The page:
7. Orangutans and the rainforests they rely on face a growing number of threats. What do you think the future looks like for them and what are some of the most promising signs you see that we can save them? What is the role of organizations like OO and OuTrop moving forwards?

The future for orangutans and their forest home does not look good. Human greed is on pace to wipe out the forests of Borneo and Sumatra and convert the land into oil palm plantations. Left unchecked, the timber, palm oil and mining industries will try to take it all. Our job as conservationists is to make sure this does not happen.

I try not to think about all the orangutans who have been murdered as their forests have been decimated and the land converted to oil palm plantations… We can only work to protect those who are still alive– in the wild and in the care centers. It is too late to save the millions of hectares of forest that have already been destroyed by the palm oil companies, so we must now do everything we can to prevent them from gaining access to the remaining forests. As concessions become available conservationists must have the capacity and funding to acquire, protect and restore them. Forests such as Batikap– which is being used by BOS Nyaru Menteng as a release site– must be protected at all costs. New concessions such as Katingan– which OuTrop has helped survey– can serve as shining examples of how to ‘take back’ forests.

Orangutan Outreach is one voice among many. While our focus is obviously orangutans, we also need to speak out for the elephants, the rhinos, the tigers… and all the other creatures of the rainforest. It is by working with partners– not only fellow orangutan conservation organizations, but all environmental and human rights groups that share our vision– that we can make a difference.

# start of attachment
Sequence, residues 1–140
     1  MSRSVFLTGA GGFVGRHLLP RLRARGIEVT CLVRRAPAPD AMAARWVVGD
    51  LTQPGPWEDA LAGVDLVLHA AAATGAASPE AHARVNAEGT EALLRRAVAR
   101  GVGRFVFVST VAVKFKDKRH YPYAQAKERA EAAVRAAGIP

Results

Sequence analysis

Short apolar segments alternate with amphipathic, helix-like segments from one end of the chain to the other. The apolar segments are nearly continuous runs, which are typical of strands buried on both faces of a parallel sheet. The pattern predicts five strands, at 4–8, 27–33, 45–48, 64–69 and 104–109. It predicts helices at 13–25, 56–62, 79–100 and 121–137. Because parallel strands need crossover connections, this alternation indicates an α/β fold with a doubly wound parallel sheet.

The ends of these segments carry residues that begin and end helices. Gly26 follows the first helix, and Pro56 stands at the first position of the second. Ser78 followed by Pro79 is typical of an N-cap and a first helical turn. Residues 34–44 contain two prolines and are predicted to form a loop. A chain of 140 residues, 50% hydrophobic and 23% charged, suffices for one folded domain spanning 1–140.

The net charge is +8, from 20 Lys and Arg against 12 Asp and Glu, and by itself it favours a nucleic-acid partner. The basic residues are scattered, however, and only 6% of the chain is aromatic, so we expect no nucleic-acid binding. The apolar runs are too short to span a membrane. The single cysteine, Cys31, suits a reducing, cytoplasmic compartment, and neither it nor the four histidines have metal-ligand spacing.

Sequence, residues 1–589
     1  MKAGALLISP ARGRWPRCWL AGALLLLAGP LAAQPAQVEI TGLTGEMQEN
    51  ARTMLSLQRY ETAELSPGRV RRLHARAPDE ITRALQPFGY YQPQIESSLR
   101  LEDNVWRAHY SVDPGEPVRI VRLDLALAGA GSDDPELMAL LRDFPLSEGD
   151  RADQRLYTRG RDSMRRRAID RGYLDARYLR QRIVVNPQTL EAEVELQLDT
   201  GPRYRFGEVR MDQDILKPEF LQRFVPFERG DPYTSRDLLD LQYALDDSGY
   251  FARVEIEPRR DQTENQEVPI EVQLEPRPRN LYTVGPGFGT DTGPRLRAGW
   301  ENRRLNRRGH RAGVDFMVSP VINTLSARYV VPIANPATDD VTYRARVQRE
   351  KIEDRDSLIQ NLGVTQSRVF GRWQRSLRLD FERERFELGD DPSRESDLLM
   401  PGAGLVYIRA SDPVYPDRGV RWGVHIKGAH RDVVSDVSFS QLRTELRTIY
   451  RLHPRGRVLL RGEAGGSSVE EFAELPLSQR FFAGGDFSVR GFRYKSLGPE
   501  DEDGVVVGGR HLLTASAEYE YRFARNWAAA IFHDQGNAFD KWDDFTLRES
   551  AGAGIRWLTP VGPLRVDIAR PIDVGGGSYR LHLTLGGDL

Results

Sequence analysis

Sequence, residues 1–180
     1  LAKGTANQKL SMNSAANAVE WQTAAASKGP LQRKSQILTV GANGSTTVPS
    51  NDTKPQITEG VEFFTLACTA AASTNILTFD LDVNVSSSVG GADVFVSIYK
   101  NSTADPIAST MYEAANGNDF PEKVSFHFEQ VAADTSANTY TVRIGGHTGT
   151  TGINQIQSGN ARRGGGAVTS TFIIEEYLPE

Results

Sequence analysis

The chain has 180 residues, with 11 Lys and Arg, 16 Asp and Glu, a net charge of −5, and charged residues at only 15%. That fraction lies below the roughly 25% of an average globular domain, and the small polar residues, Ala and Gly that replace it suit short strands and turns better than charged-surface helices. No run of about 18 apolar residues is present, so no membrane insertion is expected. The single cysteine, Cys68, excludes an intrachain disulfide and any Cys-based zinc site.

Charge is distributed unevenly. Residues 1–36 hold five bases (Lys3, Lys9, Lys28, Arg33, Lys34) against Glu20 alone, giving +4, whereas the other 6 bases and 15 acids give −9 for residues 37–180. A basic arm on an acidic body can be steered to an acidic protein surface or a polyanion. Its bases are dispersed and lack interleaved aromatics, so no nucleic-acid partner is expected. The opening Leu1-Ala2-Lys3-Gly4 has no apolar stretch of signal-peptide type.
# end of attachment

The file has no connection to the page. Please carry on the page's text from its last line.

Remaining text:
Growing awareness of the problems of palm oil expansion has jumped significantly over the past few years. There has been substantial progress with NGOs large and small working together to raise public attention on social media and turning this awareness into action on the ground. WRI has released its new Forest Watch software so we can watch the forests in real time– and make sure they’re still there when we click refresh. RAN, Greenpeace and UCS have been campaigning hard over the past few year and many powerful companies have pledged to not buy their palm oil from companies destroying the forests. But talk is cheap. Now comes the hard part. We must do everything in our power to ensure the promises and pledges are enforced. Law enforcement is the key. Arresting and prosecuting the criminals who are burning forests, planting oil palms illegally inside designated forests, poaching the wildlife and selling it on the black market…. Without law enforcement nothing matters… Crime will continue to pay.
Protecting peat swamps is essential to reducing carbon emissions in a world that is hurtling toward catastrophic climate devastation. OuTrop, simply by being present in the Sabangau peat forest has kept it standing. Without OuTrop the forest would probably be gone– mowed down and converted into a giant oil palm plantation straddling the rivers on either side… every creature dead, including Indy and Icarus.

OuTrop serves a critically important function– not only for new research, but also as a window into this magical world of the rainforest– so that young people living in suburbs on the opposite side of the earth can get a glimpse into the forest and have the opportunity to take that trip and see the forest with their own eyes instead of just on their iPad.